Letters To The Editor

Tuesday, March 11, 2003 at 1:00am

Therapy through yellow labrador


As a resident of Bordeaux Long Term Care, I read with interest your Feb. 18 story about pet therapy through the SMILE program ("The best therapy is sharing your pet with others in need," p. 26). We are fortunate to have volunteer Kitty Holbrook bring her yellow lab Baker for pet therapy visits twice a month. For many of us, Baker's visits are the highlight of our month. For the last four years he has entertained us with his tricks, brought us a ball so he can play catch, and especially loves sharing our ice cream.

Having witnessed the powerful benefits of pet therapy, I would strongly encourage anyone who is interested in training his or her dog to please do so. Any effort a volunteer puts into the training of these special dogs will be returned through the smiles and delight of all of us who benefit from this loving form of therapy.

Baker and Kitty are both dedicated and generous, and we can't thank this therapy team enough for the joy they bring.



Move cautiously concerning lottery


I hate to admit it, but look at us. What a bunch of hillbillies!

What a terrible example we set for our children when they witness our legislators fighting over the lottery proceeds before we've sold the first ticket. Talk about counting your Powerballs before they hatch.

If someone doesn't stop that bunch of yahoos at the capitol, what's starting out as scholarships for students will turn into a huge entitlement sucking cash from the state coffers faster than Steve Cohen on meth.

Wouldn't it more prudent to hold all lottery proceeds for a couple of years to let the "new" wear off and to get a feel for what the thing actually will bring in? Of course, that starts with the assumption that someone is actually thinking down there at the General Assembly.

What if between now and next year there is some sort of huge scandal involving the Georgia state lottery - a scandal so broad that it taints all lotteries? Those expected millions of dollars may trickle down to a small precious few, while the list of those demanding scholarships continues to climb. It'll take more than Steve McNair to pull Tennessee out of that mess.

In the words of Dana Carvey, "wouldn't be prudent."



Reviewer slipped up and away


I'm quite disappointed in Leo Sochocki's treatment of Chaps at Chaffin's Barn (March 6, "Chaffin's 'Chaps' tends to chafe Backstage"). How could he have submitted a review for this show? He left before the second act started!

In the future, I hope The City Paper will find a critic who actually views the shows being reviewed.



Texas death row case is example


I read with interest the case of Tennessee death row inmate Abu-Ali Abdur'Rahman in the story "Inmate seeks release" (March 3, p. 7). While I don't have sufficient evidence to make judgment in his case of his guilt or innocence, I would like to offer this bit of perspective in a similar case.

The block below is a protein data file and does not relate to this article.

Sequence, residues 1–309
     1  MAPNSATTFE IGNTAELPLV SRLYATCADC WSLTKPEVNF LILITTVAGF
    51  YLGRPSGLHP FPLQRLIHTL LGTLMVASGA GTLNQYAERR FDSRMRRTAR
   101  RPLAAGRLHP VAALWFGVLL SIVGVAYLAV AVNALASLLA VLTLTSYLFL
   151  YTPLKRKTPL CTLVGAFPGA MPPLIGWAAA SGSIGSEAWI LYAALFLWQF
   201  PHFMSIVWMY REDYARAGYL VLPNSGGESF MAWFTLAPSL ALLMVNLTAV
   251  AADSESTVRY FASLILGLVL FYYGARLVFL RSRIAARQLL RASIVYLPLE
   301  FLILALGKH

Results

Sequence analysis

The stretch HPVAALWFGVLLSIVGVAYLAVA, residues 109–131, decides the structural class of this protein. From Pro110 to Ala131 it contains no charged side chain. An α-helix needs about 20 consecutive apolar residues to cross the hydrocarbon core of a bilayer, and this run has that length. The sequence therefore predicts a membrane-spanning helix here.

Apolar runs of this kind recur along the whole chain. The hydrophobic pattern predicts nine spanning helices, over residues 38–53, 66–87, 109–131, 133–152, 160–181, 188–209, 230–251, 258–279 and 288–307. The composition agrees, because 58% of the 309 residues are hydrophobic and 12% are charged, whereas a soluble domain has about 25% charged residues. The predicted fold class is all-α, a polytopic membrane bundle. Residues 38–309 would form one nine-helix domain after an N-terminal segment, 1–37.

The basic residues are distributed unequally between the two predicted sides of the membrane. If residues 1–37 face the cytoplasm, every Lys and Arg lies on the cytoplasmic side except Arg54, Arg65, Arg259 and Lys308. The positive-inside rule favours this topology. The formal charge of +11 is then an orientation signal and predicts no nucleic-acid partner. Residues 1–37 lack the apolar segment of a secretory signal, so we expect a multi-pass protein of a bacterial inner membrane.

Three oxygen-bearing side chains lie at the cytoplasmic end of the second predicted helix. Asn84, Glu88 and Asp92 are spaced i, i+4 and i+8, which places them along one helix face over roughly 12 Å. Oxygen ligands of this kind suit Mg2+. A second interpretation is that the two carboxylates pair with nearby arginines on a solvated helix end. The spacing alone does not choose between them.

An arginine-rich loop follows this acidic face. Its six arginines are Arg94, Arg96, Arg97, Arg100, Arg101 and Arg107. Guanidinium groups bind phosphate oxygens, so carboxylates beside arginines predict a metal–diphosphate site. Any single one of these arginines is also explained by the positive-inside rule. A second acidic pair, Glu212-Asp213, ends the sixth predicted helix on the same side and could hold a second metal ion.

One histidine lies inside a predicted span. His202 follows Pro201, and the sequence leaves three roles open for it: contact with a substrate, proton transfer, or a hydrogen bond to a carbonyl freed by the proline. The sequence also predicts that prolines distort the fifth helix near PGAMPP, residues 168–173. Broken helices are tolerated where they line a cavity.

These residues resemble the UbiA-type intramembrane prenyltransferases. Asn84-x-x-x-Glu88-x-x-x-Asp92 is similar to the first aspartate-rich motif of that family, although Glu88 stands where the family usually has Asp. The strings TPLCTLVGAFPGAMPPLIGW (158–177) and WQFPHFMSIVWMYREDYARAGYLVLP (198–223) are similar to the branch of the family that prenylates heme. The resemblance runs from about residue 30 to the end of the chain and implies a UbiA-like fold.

"In December, Texas murder defendant Leonard Rojas' time for appeals ran out, and he was executed. Sixty-eight days later, three members of the state's highest court for criminal cases explicitly concluded that Rojas' appointed lawyer was woefully incompetent and that the court's majority had ignored that incompetence while Rojas was still alive" (March 6, Nashville Scene, p. 67).

There seemed to be a similarity between what happened to Rojas in Texas and what can potentially happen here in Tennessee with the case of Abdur'Rahman. It would damage the character of justice if that were to happen, and the courts were to find out months later that Abdur'Rahman was innocent of murder in this particular case.



Freedom of press: two-edged sword


I'm amazed why Bill O'Reilly in his article "Using race card hinders our freedom of press" (March 7, p. 2) is so shocked at being demonized as a racist by all the different groups he has demonized. If his specialty is finding the faults of all Americans and setting the ideals for all Americans to live by through his freedom of press, then why shouldn't they in turn identify his faults and shortcomings and explain or display their alternatives and choices through the media?

Life, experiences, opportunities and challenges for Americans are different just like many Americans are different. No Americans want to be demonized through the press or otherwise. It makes no difference who they are. They want to be seen as tax-paying, working, fun-loving, money-making, free citizens. If O'Reilly wants to put a label on these everyday people through his freedom of press in America, then maybe he deserves an everyday label on him from their freedom of press. We reap what we sow.

Maybe O'Reilly should find something good to do for these groups of people or speak something good to them.



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